Avalanche of trees swept couple away

LOVED ONES LOST: Canadian couple Connor Hayes and Joanna Lam lost their lives in the Haast River gorge in September.
LOVED ONES LOST: Canadian couple Connor Hayes and Joanna Lam lost their lives in the Haast River gorge in September.

A Canadian couple swept to their deaths during a West Coast storm were last seen in their campervan near a landslip that blocked their escape from Haast Pass.

An inquest today was held into the deaths of Connor Hayes, 25, of Ottawa, and his girlfriend, Joanna Lam, 24, of Ontario, on September 10 last year. 

The inquest heard that the couple had been turned away that day from a Haast camping ground, which was closed because of bad weather.

They decided to drive to the nearest town, Wanaka, two hours away, but turned back near the pass to return to Haast.

Other motorists heading up the pass saw the campervan about 8pm. It was pulling up to the opposite side of a landslide across State Highway 6, about half a kilometre from Diana Falls at an area called The Trickle.

Haast policeman Senior Constable Robin Manera told the inquest in the Greymouth District Court that police believed the couple had turned a second time to head back to Wanaka.

However, a second landslide about 800m from the first swept them to their deaths.

Dunedin coroner David Crerar said today's inquest was to certify their deaths, particularly for Hayes because his body had never been found.

He found the pair died of high-energy impact injuries suffered when their campervan was struck "by an avalanche of trees, rocks and associated debris" near Diana Falls.

Manera said the pair were reported missing on September 16 after Lam failed to turn up to work as a sonographer at Nelson Hospital. The pair had arrived in New Zealand on September 2.

On September 17, an aerial search located their rented campervan in the Haast River about 400m to 500m downstream from a landslip.

Lam's body was located three days later 6km north of the river mouth, which was 55km from the accident scene, he said.

Extensive searches failed to find Hayes.

Manera said the pair had picked up the rental campervan on September 9 from Nelson to do some travelling and spent the next day on a guided walk at Fox Glacier before heading to the Haast Top 10 Holiday Park about 4.45pm.

Its manager, Norma Dougan, told Lam the camping ground was closed because of a severe wind warning.

Lam asked her for the location of the next town, saying her priority was to find internet access to contact her family and employer.

Dougan told her Wanaka was the next town and two hours away.

About an hour later, another couple arrived at the camping ground after driving over the pass and told her the road's conditions were terrifying.

"They felt they were lucky to have arrived," Dougan said.

Before Hayes and Lam left Haast to drive to Wanaka, they had dinner at a pub, paying for their meal at 5.35pm.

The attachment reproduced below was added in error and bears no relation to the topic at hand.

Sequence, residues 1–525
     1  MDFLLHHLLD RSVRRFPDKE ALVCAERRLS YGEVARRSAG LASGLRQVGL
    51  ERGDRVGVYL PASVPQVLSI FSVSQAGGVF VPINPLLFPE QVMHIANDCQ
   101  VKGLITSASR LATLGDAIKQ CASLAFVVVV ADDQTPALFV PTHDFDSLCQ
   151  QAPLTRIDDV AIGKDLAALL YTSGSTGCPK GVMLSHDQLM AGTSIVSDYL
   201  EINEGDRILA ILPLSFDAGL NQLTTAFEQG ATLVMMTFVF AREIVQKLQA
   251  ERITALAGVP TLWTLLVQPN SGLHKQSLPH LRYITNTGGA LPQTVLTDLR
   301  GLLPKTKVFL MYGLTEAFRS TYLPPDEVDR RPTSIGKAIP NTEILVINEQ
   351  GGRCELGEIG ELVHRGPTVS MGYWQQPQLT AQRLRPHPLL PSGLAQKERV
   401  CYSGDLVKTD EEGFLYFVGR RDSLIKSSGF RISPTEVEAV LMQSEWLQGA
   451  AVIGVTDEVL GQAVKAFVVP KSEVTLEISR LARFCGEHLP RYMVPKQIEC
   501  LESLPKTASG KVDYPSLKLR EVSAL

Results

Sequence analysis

Haast resident Dayna Buchanan told the inquest she drove out of Haast with her mother about 6.30pm on September 10, heading to Dunedin, and caught up to a campervan at Snapshot Creek, near the township. She followed it up the hill toward the pass.

Driving conditions were the worst she had ever experienced, she said.

At the Gates of Haast Bridge, she lost sight of the campervan because she had to stop to clear sticks stuck under her car.

Another motorist helped her and roading contractor William Caird led them in his work vehicle up the pass after she asked him to escort her.

They passed Diana Falls on the way, which was "pumping out over the road" but she was too scared to go back and pressed on.

However, they were forced to stop at a slip across the road.

She could see a campervan on the opposite side, its headlights facing them, but was unable to tell whether it was the same campervan as the one she had followed.

She got out of her car, as did the other motorist, who flashed a torch at it but got no response.

They all turned around and returned to Haast, leaving the van behind.

The next day, she told her boss that she was worried about whether the campervan had got through and he suggested she tell police, which she did.

Caird told the inquest that he worked for Ferguson Brothers. Part of his job was to inspect and maintain the pass in bad weather.

When he deemed the road conditions too dangerous, he would contact Opus to close the road.

On the evening of September 10, it was raining heavily and he had been out on the road clearing grilles of debris and sweeping the road.

At 7.30pm, he said he called Paul Wilson to close the road.

Afterwards, he drove up near to the Gates of Haast Bridge and was there for about half an hour putting up closed signs for anyone still travelling north.

While there, the campervan drove past him. Buchanan, who stopped to clear wood from under her car, followed.

About 400m-500m past Diana Falls, they came across an impassable slip.

"I don't think it had been down long as there was water just starting to come through."

He turned around while Buchanan and the other motorist got out of their cars, before also heading down the pass.

Bernie and Kath Monk, whose son Michael, 24, died in the Pike River coalmine disaster, represented the Hayes family at the hearing. The families had met while the Hayeses were in New Zealand in October.

A statement by Hayes' father, Michael Hayes, was read by Kath Monk, and expressed his gratitude for the support from New Zealand over the loss of his son.

He planned to return for the next part of the inquest, it said.

Coroner Crerar adjourned the hearing, saying circumstances surrounding the deaths would be covered at a later inquest hearing that would also cover road conditions.

Fairfax Media